If you write a will and appoint a guardian, you can nominate who you would like to look after your children if you die. It is normally best to confirm that someone is willing to be a guardian before you name them in your will.
You can also write a letter accompanying your will providing advice and guidance to the guardian. You can let the guardian know what is important to you and your children, and how you wish them to be raised.
It can be complex to administer your estate
If you die and you have written a will, your debts become the responsibility of your estate, and the named executors of your will must repay any debts with your assets.
However, when there is no will, the process is more complicated. Your loved ones can still apply for probate, but it is known as a grant of “letters of administration”, which gives them the legal right to administer your estate, including accessing your bank accounts.
This person will need to value the deceased’s assets, including investments, pensions and life insurance, and provide certified documentation when they apply for probate. It can be a complex process and so working with a probate solicitor or accountant can help your next of kin to administer your estate according to the intestacy rules.
Your life insurance may not be paid to your chosen beneficiary
Life insurance can provide valuable support to your family if you pass away.
If you have a will, when one of your loved ones makes a valid claim on your life insurance, the funds are paid into an account held by the executor of your will.
The executor will distribute the money from the estate to the beneficiaries you have identified in your will, once they have grant of probate — along with paying any debts or other liabilities.
If you died without a will, the process is slightly more complicated. Here, your life insurance will be paid out in line with the rules of intestacy.
This means that your unmarried partner may not receive any of your life insurance proceeds.
Writing a will and putting your life insurance in trust are two simple ways of ensuring the payout passes to your beneficiary (or beneficiaries) of choice.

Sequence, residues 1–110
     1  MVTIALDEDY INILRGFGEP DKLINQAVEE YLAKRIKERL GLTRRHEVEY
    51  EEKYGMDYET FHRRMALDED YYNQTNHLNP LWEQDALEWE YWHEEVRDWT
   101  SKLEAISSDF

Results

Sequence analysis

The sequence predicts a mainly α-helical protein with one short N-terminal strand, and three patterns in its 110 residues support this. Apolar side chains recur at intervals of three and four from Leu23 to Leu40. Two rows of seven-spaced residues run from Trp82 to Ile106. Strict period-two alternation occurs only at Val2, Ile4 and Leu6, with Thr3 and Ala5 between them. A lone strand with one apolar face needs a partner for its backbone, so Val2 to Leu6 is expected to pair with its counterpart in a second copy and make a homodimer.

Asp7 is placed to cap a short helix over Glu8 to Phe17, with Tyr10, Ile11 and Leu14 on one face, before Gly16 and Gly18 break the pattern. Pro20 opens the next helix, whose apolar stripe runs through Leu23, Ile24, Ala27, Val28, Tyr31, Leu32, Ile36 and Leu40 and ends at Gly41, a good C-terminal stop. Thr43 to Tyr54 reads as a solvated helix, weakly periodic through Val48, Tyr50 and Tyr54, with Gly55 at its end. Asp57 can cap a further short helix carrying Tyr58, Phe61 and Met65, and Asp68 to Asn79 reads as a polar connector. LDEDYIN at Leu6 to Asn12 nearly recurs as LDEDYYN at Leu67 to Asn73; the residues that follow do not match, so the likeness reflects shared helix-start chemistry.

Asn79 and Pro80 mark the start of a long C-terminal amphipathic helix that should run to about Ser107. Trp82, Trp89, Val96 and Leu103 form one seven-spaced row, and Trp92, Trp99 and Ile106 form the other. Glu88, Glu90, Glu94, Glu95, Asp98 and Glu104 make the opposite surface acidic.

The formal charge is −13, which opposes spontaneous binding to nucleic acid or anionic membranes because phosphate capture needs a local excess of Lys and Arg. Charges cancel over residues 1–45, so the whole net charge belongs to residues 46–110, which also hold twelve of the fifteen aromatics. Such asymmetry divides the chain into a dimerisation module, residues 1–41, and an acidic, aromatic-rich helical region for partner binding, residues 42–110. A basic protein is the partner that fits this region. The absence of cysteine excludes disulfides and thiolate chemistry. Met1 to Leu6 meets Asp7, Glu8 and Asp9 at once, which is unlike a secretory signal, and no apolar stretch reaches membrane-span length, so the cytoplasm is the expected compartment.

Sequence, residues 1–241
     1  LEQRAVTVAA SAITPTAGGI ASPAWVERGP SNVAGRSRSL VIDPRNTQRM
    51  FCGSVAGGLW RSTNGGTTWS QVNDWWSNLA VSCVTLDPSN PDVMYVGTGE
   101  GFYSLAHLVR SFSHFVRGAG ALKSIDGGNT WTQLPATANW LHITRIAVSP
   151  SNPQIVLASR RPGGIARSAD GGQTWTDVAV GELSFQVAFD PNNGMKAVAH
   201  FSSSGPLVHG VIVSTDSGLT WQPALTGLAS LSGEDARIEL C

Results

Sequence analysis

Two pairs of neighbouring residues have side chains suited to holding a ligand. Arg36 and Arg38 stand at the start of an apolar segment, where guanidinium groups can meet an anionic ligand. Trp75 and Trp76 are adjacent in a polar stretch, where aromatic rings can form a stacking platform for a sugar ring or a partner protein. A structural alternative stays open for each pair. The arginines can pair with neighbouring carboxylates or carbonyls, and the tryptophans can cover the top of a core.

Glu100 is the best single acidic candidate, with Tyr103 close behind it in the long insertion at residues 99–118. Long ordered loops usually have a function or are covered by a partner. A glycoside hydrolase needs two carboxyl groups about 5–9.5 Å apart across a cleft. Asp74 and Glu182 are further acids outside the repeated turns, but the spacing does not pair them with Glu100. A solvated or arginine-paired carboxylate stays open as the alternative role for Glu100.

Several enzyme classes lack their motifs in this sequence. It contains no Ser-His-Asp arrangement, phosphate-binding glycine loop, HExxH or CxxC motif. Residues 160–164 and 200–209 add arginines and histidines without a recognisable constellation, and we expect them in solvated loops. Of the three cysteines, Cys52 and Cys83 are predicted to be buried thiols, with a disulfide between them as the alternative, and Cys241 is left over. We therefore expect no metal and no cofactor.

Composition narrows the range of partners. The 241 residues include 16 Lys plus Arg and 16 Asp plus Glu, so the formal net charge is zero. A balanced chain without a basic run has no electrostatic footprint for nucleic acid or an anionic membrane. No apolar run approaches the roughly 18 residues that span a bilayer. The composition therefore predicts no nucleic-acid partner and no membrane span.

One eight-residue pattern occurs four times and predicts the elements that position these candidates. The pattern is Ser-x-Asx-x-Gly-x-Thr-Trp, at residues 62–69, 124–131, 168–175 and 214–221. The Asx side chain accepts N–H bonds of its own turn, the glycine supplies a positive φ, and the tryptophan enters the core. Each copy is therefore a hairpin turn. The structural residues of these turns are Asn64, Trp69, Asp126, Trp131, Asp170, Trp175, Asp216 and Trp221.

Your loved ones may pay more Inheritance Tax
Inheritance Tax (IHT) is payable on the value of your estate that exceeds the nil-rate band.
In 2023/24 you benefit from a nil-rate band of £325,000. Additionally, if you leave your main residence to a child or grandchild, you can benefit from the “residence nil-rate band” of £175,000.
So, you could leave £500,000 to your loved ones before IHT is due.
Making a will can help you reduce the amount of Inheritance Tax that might be payable on the value of the assets and property you leave behind. For example, you might decide to leave some of your assets to charity, and this can help you to reduce a potential IHT bill.
In addition, leaving your home to a child or grandchild in a will ensures you benefit from the residence nil-rate band.
Get in touch
Life insurance can help you to provide financial support to your spouse, partner, children, grandchildren or family if you pass away.
We can help you to find the right life insurance for your needs – and can help you to put it in trust so it passes to your chosen beneficiaries when you die.
5 things science says can help slow the ageing process and help you to live longer
November 16, 2023
Almost half of those planning a funeral were “stressed by the cost” – here’s what you can do
November 9, 2023
Revealed: The 5 most important things you’ll consider when buying health and life insurance
November 2, 2023
Dementia – here are the symptoms to look out for and how protection can provide valuable support
October 26, 2023
2 in 3 adults worry about money – here are 3 useful ways to reduce your financial stress
October 19, 2023
5 easy steps to finding the right life insurance for you
October 12, 2023